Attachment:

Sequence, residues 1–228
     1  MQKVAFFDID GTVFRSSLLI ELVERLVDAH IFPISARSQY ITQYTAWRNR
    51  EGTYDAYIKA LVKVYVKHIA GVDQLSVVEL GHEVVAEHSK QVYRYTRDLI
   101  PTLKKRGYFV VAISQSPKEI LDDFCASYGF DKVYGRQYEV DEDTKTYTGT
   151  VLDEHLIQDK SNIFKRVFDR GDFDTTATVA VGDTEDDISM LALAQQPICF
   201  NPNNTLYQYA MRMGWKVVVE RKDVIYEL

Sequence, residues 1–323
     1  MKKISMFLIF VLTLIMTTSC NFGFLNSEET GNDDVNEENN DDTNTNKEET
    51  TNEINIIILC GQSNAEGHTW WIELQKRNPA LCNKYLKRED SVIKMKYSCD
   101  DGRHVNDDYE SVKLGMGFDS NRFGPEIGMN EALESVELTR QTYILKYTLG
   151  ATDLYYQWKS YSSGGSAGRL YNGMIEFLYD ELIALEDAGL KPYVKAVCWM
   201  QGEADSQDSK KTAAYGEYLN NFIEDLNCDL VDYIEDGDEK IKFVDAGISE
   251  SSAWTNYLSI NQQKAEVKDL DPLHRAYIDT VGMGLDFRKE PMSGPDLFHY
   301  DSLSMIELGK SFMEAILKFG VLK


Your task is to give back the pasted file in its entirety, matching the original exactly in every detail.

Sequence, residues 1–228
     1  MQKVAFFDID GTVFRSSLLI ELVERLVDAH IFPISARSQY ITQYTAWRNR
    51  EGTYDAYIKA LVKVYVKHIA GVDQLSVVEL GHEVVAEHSK QVYRYTRDLI
   101  PTLKKRGYFV VAISQSPKEI LDDFCASYGF DKVYGRQYEV DEDTKTYTGT
   151  VLDEHLIQDK SNIFKRVFDR GDFDTTATVA VGDTEDDISM LALAQQPICF
   201  NPNNTLYQYA MRMGWKVVVE RKDVIYEL

Sequence, residues 1–323
     1  MKKISMFLIF VLTLIMTTSC NFGFLNSEET GNDDVNEENN DDTNTNKEET
    51  TNEINIIILC GQSNAEGHTW WIELQKRNPA LCNKYLKRED SVIKMKYSCD
   101  DGRHVNDDYE SVKLGMGFDS NRFGPEIGMN EALESVELTR QTYILKYTLG
   151  ATDLYYQWKS YSSGGSAGRL YNGMIEFLYD ELIALEDAGL KPYVKAVCWM
   201  QGEADSQDSK KTAAYGEYLN NFIEDLNCDL VDYIEDGDEK IKFVDAGISE
   251  SSAWTNYLSI NQQKAEVKDL DPLHRAYIDT VGMGLDFRKE PMSGPDLFHY
   301  DSLSMIELGK SFMEAILKFG VLK